Make sure your equipment is sound, weather is good, common sense on board and GO.
I don't think folks are saying, me included, to sell the boat and stay in your safe house and stare at the ceiling. The general consensus is to not do the first time on your "new" boat as a 100 mile + shakedown/get to know cruise alone.

Most folks are advocating a preliminary day cruise to understand the systems of the boat before making the 100+ mile trip. Most people are also advocating getting a partner or hiring a captain to do the trip with the OP.

The explorers that you mentioned all had seasoned crew for the journey and I doubt that any of them were "novice" captains and hadn't been on boat before prior to them setting off. Also, for your other example, I doubt that your granddaughter's first time on the bike was to get on and head straight down Deadman's Hill. My guess is that she went through the training wheel, then two wheel on flat stuff, before the hill attempt.

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post #17 of 34 Old 05-30-2013
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Re: Can I make this trip as a novice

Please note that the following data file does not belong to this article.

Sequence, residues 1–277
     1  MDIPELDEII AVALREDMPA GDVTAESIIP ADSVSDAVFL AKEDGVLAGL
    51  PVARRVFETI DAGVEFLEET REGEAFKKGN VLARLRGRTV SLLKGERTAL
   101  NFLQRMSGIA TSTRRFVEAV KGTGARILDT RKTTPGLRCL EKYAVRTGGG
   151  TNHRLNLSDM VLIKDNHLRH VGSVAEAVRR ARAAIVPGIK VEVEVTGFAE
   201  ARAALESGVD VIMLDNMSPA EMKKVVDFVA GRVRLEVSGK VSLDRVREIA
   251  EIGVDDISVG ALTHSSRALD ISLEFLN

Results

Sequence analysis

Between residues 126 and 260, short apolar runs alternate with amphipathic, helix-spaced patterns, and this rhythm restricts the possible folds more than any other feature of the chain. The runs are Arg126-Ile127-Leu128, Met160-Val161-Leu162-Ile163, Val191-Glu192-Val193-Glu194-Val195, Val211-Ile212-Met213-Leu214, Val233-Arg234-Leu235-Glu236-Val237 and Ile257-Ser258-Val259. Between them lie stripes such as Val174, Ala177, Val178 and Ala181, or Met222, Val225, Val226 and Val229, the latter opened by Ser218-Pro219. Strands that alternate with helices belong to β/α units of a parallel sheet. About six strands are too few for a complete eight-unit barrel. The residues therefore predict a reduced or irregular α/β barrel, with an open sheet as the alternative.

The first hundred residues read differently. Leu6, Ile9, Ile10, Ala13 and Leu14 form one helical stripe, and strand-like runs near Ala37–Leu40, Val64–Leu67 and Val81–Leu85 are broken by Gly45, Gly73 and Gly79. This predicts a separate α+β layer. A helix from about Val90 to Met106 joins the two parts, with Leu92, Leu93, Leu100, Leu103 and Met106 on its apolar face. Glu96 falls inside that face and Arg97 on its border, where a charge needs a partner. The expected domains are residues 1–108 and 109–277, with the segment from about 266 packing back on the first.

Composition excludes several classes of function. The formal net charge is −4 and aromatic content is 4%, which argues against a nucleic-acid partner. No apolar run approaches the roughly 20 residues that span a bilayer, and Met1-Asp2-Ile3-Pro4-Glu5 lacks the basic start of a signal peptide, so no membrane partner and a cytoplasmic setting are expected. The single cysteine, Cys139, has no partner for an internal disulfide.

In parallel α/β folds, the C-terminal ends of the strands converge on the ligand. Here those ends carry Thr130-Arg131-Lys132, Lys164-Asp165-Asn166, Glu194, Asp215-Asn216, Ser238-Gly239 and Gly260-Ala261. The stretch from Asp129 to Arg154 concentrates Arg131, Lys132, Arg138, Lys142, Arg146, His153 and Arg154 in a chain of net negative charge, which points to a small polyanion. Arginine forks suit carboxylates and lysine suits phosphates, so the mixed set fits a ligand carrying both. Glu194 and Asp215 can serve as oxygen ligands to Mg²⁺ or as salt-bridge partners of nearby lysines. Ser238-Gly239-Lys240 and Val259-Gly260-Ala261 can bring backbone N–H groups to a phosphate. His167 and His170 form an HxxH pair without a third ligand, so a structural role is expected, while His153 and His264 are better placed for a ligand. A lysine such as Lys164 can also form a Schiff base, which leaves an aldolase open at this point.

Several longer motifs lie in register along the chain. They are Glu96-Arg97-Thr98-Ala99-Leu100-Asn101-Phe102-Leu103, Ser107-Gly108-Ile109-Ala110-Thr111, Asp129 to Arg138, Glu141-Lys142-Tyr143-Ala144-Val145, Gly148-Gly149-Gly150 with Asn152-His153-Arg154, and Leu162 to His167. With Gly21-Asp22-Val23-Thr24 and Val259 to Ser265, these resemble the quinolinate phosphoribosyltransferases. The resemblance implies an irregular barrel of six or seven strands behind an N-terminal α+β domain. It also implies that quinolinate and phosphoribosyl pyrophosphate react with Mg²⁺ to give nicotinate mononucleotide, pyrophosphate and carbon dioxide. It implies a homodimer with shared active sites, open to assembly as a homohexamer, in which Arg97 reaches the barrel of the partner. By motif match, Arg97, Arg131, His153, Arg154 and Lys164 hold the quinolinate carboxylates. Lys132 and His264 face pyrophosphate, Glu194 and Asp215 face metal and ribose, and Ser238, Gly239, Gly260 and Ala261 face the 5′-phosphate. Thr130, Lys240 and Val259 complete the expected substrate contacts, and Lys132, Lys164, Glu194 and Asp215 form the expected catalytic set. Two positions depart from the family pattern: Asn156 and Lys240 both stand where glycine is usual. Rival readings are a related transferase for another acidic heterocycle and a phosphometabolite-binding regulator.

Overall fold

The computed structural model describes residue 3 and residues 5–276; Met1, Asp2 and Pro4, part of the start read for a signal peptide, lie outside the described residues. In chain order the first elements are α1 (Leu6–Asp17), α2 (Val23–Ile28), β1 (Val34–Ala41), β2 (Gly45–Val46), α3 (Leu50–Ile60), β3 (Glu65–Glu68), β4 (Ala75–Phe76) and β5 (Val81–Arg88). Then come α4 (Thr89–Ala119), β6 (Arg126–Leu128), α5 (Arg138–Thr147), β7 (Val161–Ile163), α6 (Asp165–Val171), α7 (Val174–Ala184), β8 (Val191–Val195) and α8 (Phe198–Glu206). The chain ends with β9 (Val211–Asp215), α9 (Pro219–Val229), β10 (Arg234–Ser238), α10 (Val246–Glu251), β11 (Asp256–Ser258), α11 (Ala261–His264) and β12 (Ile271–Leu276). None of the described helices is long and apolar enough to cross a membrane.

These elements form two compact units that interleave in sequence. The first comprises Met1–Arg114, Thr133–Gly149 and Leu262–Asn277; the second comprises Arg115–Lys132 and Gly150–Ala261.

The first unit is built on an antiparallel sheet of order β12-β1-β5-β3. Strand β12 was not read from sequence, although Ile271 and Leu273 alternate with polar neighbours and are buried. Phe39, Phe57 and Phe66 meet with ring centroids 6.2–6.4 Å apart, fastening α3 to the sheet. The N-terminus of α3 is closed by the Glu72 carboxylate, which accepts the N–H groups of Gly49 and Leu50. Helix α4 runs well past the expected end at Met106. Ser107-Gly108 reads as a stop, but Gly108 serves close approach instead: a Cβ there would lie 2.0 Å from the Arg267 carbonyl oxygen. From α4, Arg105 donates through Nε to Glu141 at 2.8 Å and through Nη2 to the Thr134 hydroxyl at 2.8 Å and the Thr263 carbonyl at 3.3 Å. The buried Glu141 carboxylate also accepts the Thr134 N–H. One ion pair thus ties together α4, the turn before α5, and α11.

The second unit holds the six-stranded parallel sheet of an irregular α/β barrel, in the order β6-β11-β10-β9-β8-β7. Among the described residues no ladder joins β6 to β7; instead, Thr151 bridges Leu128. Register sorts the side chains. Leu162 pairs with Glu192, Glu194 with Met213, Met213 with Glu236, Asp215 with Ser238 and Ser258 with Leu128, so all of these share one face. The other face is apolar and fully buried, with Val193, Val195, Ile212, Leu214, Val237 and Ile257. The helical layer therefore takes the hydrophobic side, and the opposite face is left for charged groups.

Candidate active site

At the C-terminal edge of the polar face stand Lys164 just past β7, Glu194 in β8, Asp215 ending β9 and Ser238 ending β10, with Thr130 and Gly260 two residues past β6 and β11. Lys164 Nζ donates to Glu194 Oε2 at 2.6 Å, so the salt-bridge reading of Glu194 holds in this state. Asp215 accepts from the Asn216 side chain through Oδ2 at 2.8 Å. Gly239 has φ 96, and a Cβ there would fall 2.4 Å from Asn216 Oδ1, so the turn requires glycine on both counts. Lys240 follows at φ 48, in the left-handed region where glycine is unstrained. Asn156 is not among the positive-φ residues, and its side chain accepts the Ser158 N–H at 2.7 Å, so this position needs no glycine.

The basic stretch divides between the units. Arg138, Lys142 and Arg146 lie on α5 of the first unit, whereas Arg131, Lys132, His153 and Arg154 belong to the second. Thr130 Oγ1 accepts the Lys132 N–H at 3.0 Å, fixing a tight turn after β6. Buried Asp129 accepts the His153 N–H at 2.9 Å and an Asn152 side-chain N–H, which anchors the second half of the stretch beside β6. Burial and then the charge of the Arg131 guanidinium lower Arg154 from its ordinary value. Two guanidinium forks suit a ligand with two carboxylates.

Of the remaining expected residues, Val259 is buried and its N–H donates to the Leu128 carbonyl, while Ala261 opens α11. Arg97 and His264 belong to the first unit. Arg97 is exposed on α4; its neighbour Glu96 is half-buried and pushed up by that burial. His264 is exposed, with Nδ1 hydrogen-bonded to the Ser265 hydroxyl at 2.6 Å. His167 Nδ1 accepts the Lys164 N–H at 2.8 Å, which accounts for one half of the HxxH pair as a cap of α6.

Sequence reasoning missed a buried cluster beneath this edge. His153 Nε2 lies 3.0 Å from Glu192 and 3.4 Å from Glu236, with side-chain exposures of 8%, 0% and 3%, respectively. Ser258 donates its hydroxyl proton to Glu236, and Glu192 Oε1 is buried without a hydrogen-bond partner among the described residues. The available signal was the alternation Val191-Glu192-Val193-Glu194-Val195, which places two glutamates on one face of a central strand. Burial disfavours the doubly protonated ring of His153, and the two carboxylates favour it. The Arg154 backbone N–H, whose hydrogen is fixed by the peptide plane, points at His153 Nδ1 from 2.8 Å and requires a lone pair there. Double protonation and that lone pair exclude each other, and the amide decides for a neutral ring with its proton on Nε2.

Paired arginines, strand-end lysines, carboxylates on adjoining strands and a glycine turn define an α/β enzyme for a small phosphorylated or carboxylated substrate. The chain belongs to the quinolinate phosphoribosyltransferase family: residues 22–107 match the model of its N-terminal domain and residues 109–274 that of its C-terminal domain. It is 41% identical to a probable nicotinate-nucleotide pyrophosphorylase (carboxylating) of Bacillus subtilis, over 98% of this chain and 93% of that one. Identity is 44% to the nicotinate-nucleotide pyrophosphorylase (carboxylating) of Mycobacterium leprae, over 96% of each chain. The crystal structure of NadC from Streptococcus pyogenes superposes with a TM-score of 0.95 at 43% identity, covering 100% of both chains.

Let us review the OP's qualifications:

" I have crewed on a Hunter 34 on a Port Huron Mac race and done a couple seasons of club racing as crew. I owned a 18' hunter for a few years. Pretty book smart and all that, just not alot of experience driving my own boat. "

His training wheels are off, he knows his way around a boat or two. His IQ is more than his body temperature, I sense he lacks confidence. Pretty sure no one said to hop in the boat and go. We all suggested he checks the boat out, whether that means
a day jaunt or professionally inspected is left to the OP's judgement, most suggested tow insurance, charts and weather checks. Having a more experienced person on board is akin to having training wheels, IMHO. Its not his first time on a boat.

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post #18 of 34 Old 05-30-2013